Recent comments by US President Obama and Geri McLeary from the UK Office of Government Commerce would indicate that although policy and intention might attempt to make government contracting with external product and service providers more efficient, there appears to be a significant skills gap in the market for experienced Contract Management staff.  It is feared that the shortage in Contract Management skills could have serious implications for the effectiveness and success of government Contract Management strategy.

Although technology can never truly replace the value of an experienced human being, it can at least play an important role in the future of contract management, by allowing Contract Management specialists to do more with fewer resources and by sharing the burden of managing contract risks and obligations with other key stakeholders within the organisation.

A second generation of Contract Lifecyle Mangagment software solutions is able to make Contract Management specialist’s lives easier by automating and managing the key stages of the contract lifecycle process.  Contract Management software reduces the costs and risks associated with contracting by streamlining the contract drafting and approval process, providing a single repository for contracts and associated documents, provide secure workspaces for external party collaboration and by allowing contract management specialists and non-specialist staff – who may be in other functions of the organisation, to have access to real-time management reports and alerts, so that contract obligations, risks and milestones can be managed across the organisation more effectively.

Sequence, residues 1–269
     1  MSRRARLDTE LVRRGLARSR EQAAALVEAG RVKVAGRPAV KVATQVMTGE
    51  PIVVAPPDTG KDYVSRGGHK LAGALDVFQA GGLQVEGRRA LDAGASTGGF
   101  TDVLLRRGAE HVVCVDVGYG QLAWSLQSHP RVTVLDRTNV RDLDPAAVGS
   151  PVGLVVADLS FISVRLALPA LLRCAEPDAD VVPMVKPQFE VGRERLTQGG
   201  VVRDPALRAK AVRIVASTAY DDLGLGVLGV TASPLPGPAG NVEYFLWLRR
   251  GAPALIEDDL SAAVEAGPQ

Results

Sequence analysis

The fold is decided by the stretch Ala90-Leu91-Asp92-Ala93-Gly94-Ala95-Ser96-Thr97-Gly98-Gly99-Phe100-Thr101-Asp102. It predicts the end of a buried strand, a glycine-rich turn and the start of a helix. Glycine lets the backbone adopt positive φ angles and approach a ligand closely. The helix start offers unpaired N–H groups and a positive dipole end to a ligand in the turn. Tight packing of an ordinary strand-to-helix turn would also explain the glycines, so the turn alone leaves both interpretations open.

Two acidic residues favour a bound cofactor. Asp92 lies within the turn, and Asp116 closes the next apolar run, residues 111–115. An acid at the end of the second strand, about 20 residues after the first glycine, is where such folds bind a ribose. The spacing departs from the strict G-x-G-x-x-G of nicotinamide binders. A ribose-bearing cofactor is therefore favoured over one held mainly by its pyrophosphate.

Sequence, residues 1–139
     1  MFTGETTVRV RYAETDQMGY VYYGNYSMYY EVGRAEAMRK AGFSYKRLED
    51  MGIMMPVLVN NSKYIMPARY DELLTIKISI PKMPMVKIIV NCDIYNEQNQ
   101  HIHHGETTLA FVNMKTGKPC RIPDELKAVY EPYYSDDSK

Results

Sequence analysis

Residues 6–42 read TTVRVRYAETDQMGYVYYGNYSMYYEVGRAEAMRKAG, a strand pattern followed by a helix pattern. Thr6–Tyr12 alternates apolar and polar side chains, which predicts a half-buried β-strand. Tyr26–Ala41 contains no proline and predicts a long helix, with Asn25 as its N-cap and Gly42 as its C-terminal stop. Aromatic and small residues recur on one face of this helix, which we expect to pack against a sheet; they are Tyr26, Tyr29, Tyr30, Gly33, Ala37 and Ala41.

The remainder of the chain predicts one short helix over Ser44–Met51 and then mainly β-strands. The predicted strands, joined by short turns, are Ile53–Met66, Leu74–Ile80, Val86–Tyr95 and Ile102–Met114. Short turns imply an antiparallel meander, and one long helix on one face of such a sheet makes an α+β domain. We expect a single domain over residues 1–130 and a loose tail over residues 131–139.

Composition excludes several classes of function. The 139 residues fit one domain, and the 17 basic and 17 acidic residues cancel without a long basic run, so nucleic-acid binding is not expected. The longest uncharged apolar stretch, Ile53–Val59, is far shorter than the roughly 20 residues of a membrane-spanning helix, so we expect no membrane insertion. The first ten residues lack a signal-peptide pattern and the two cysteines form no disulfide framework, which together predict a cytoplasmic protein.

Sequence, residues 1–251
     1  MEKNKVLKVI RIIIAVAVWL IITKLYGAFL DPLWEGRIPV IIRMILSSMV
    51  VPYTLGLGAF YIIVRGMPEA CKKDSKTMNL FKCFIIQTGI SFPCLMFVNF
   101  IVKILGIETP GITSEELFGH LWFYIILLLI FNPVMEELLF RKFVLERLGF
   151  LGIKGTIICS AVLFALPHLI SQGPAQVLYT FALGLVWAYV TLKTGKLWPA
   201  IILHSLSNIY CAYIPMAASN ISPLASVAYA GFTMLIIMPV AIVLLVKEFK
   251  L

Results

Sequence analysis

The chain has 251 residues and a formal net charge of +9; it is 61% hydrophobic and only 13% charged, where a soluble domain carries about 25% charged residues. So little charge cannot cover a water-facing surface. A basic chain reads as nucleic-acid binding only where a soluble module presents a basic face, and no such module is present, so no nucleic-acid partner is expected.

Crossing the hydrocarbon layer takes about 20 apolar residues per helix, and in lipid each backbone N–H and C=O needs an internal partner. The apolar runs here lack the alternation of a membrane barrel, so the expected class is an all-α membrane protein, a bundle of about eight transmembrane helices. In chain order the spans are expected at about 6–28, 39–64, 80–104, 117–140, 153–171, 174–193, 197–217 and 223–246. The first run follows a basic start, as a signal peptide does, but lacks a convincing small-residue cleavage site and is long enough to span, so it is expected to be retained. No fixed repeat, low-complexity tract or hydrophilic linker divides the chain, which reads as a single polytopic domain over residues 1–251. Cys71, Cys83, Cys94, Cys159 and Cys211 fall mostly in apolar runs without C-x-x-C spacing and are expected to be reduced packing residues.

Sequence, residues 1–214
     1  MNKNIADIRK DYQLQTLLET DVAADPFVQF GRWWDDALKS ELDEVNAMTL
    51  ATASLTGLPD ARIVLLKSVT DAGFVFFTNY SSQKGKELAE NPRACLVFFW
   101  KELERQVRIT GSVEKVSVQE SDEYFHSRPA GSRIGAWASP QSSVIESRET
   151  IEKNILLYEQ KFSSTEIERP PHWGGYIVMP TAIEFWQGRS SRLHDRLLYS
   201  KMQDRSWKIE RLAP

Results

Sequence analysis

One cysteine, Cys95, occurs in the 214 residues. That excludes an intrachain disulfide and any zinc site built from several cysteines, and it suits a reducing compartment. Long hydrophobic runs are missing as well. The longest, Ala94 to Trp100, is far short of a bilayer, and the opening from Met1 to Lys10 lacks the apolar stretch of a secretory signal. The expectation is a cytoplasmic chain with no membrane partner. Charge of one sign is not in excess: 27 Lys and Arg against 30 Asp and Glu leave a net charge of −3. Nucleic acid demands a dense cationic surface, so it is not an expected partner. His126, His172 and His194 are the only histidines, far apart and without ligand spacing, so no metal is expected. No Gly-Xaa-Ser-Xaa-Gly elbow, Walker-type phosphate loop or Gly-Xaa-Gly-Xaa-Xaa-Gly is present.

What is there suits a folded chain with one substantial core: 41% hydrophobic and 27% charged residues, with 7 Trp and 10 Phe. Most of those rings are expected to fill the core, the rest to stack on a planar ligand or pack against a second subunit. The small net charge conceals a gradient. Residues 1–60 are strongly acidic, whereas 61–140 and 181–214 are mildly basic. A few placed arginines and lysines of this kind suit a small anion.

So, if you are a Contract Manager and you are not already using a Contract Management system to streamline your workload and to communicate the value of your work to the key stakeholders in your organisation, perhaps 2009 is the time when you should start to evaluate the market for Contract Lifecycle Management software?